3. Well, that’s a *day*! I am very glad you’re safe and that the lady in the other car is too.

    *big tight hug*

    thinking of you

  4. Hey, holding friends up when they need it is part of the job description. Glad I was helpful. *hugs*

  5. *hughughughughug*

  6. So sorry to hear about your accident, but glad that you’re ok. I rear-ended someone last year (totalling my car), and I was very glad to know I’d not hurt anyone. The worst part other than that was the subsequent paperwork…

    Congrats on all the other good things, and I agree that the balance is definitely on the plusful side :-).

  7. Definitely a net win, I’d say, though I can see why the accident would overshadow everything else in the immediate aftermath. Congratulate Kit for me 🙂 *hug*

  8. Yay on the new job for Kitanzi!
    Sorry about the accident. Blech. FWIW I doubt the accident hurt the pregnancy. If it was just a fender bender she was probably fine assuming she was wearing a seatbelt in the proper way (low under the tummy).
    But I imagine you will be very relieved to hear if she was fine.

    What you need is a good giggle loop.

  9. I’m so sorry about the accident.

    Yay for Kitzani!!!

  10. Wow! What a mix. First . . . *tight hug* for the sucky wreck. And I thought not knowing to pump the brakes after they’d been fixed and rolling backwards out of my driveway into my In-Laws’ car was bad! I’m very glad she and you are safe and okay. Atlanta traffic frankly terrifes me.

    And congrats to ! Yay! That is wonderful news. *warm happy hug* for that.

  11. Ack! *HUGS YOU LOTS* Glad -you- are ok, too. *massages all the post-wreck tension stress away* -H…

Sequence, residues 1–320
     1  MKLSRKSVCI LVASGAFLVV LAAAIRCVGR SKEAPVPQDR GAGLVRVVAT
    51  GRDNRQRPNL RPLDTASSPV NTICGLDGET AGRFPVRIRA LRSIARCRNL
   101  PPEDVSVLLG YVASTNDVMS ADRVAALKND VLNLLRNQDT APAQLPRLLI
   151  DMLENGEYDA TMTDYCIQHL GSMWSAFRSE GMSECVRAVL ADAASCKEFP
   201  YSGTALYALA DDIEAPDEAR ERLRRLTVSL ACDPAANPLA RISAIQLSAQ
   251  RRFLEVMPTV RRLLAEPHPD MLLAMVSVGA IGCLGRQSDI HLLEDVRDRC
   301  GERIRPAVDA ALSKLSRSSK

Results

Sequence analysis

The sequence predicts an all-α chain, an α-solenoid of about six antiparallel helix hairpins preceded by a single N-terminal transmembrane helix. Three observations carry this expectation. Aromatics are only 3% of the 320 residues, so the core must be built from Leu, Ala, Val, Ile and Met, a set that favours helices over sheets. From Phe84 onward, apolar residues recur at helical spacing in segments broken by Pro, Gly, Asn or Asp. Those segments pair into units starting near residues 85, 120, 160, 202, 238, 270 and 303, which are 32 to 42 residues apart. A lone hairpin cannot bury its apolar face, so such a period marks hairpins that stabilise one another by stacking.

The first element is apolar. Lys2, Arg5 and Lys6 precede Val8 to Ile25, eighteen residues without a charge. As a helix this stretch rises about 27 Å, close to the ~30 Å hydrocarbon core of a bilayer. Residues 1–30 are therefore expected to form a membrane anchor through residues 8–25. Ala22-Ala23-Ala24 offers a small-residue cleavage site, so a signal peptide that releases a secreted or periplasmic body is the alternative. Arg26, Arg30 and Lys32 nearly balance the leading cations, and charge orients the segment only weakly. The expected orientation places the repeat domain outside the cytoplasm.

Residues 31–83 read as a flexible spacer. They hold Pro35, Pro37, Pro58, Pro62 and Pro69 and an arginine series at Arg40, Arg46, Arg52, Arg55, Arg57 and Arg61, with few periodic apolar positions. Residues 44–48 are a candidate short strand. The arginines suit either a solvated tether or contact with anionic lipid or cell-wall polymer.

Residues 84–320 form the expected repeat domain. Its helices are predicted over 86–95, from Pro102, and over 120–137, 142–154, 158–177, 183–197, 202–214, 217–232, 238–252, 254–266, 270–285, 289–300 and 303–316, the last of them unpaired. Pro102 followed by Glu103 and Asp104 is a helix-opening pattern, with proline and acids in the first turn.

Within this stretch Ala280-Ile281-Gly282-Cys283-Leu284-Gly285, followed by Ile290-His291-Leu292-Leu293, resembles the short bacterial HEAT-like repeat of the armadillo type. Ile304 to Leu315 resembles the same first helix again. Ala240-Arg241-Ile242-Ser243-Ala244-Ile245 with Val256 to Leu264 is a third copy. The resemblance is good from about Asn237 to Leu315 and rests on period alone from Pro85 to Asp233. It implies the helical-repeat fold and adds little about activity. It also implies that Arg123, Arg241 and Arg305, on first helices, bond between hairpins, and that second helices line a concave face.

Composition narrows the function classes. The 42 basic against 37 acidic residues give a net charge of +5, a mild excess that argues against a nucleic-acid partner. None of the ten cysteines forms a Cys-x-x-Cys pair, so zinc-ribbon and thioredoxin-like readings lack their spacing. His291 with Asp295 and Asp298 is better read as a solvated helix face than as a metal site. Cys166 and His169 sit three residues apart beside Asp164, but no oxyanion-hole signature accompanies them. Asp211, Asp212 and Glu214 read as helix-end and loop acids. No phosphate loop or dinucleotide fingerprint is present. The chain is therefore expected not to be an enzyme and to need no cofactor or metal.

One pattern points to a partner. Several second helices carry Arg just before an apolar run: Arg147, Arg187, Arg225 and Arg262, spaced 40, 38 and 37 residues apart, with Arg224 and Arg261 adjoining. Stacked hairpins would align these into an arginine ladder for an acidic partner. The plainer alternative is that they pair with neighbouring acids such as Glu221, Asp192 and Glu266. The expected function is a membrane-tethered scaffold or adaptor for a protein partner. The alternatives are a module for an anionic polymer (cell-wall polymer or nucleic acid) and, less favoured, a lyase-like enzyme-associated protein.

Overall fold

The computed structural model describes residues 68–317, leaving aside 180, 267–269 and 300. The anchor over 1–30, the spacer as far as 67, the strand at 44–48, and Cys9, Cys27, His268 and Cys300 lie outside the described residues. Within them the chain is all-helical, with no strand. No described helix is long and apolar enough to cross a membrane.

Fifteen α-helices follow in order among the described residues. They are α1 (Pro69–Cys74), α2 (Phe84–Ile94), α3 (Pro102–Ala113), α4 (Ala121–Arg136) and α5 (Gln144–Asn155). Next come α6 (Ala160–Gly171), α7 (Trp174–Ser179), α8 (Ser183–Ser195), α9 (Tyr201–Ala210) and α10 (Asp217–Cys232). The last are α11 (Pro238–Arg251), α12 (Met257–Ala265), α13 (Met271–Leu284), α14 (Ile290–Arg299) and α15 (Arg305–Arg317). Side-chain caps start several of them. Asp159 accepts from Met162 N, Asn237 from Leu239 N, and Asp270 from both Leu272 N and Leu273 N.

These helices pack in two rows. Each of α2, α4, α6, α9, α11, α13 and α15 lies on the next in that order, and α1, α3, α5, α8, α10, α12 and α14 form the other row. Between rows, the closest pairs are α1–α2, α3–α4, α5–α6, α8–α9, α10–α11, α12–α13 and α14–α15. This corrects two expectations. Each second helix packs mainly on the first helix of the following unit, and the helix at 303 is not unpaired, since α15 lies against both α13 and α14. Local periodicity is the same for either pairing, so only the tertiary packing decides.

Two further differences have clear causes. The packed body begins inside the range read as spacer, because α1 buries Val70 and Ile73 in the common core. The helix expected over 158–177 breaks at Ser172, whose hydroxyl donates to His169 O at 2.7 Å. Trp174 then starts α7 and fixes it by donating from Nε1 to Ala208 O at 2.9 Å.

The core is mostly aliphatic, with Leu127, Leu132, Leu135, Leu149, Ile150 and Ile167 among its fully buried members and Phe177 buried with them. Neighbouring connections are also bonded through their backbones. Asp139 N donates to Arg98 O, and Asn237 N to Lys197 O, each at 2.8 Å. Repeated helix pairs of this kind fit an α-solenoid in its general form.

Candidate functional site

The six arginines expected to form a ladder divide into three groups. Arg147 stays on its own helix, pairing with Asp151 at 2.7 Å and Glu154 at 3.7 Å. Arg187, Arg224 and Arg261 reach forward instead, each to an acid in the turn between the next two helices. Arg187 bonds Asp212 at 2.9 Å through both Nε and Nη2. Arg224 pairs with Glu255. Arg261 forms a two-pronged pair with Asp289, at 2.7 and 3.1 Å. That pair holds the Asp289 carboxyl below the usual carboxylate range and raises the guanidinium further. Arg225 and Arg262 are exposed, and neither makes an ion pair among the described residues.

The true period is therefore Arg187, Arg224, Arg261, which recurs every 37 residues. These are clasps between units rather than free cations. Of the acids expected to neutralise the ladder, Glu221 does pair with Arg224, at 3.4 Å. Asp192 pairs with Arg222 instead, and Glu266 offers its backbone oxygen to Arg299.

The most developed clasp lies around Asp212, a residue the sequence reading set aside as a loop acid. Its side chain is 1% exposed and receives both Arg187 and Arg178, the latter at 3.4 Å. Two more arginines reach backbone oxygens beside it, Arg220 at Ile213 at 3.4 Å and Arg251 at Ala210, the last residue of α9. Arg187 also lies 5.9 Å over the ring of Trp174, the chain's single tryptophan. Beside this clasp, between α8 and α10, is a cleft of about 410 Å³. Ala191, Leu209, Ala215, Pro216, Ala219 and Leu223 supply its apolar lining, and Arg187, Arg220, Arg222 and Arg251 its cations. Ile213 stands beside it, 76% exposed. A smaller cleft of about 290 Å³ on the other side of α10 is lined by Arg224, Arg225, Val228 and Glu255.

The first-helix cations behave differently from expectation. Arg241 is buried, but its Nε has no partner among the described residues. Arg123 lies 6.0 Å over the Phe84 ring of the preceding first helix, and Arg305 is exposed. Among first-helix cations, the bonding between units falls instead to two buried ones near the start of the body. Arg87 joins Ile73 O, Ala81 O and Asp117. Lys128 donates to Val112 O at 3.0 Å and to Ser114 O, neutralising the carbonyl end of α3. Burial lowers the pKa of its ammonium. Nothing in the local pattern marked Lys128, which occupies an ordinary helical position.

12. I often wonder why life works that way. I get something really really good that happens to me, puts me in a euphoric state, and then something else happens that sends me crashing back to earth, and sometimes back into it. I’m almost afraid to feel joyful because I know that once I go over that crest, I’m gonna hit the trough.

    But as other people have already said, the important part is that no one got hurt except the cars.

  13. *hugs*
    accidents suck, I am very glad to hear you are ok!

  14. *bhigghugs*, dear one. Accidents suck, but as these things go I agree with all that’s been said -- cars can be fixed, even if it costs annoyingly much.

    YAY on the great news for Kitanzi -- and yes, that’s plenty of reason to balance the day positive and celebrate. As you say -- the accident is in the past, the job is now and in the future.

    For a min-cheerup you get the actual “me” userpic with a smile that I hope will infect you to smile too… *morehugs*

  15. *comfortingsmooch* and *happycuddles* to both of you … yeah, late, I know, but better late than never, ain’t it? *hugs*

  16. *hugs*

    That’s a heckuva day, dude. *hug* But as others have said, in the long run, what you’ll remember is Kit’s new job. Hang in there! And give ‘er congrats for my folk.

  17. Man, what a day! I’m very glad that neither you nor the pregnant lady were injured, and, as everyone has pointed out, cars can be fixed. Hope the rest of the week is better. And congrats to Kit!


  18. I’m just glad you’re okay.


Leave a Reply

Your email address will not be published. Required fields are marked *

This site uses Akismet to reduce spam. Learn how your comment data is processed.

Powered by WordPress & Theme by Anders Norén